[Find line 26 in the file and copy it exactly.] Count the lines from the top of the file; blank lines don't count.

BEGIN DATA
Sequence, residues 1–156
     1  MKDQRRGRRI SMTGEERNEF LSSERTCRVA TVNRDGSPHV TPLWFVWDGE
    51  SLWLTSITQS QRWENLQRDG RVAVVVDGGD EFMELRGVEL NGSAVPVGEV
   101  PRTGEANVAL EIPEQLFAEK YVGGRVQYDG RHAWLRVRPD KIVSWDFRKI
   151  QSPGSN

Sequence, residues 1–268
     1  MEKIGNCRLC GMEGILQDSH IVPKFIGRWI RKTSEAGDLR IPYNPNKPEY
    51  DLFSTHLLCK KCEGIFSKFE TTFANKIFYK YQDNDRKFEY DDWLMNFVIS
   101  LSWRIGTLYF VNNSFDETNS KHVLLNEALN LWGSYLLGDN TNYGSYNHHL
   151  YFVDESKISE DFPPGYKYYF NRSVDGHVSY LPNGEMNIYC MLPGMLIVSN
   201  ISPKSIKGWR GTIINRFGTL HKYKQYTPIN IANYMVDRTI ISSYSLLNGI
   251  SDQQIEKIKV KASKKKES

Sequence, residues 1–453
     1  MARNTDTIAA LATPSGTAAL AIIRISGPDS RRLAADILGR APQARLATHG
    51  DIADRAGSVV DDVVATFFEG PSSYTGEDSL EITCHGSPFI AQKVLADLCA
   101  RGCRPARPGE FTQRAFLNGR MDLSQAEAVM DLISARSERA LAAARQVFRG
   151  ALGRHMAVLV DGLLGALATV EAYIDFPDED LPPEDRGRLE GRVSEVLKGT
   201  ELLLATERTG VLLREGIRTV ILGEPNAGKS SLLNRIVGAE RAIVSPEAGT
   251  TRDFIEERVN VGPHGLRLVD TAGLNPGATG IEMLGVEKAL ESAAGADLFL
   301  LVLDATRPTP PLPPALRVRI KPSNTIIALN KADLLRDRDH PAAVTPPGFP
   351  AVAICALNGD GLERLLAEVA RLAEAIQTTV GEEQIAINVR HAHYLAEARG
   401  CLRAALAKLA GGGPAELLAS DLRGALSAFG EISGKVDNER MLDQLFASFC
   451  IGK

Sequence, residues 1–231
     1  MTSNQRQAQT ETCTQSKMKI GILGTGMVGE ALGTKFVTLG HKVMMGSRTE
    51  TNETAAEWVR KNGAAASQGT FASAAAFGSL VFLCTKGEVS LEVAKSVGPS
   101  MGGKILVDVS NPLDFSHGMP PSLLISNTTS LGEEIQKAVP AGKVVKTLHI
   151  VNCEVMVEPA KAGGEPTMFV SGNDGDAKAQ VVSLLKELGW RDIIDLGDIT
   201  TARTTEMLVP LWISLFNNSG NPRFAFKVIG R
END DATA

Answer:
    51  TNETAAEWVR KNGAAASQGT FASAAAFGSL VFLCTKGEVS LEVAKSVGPS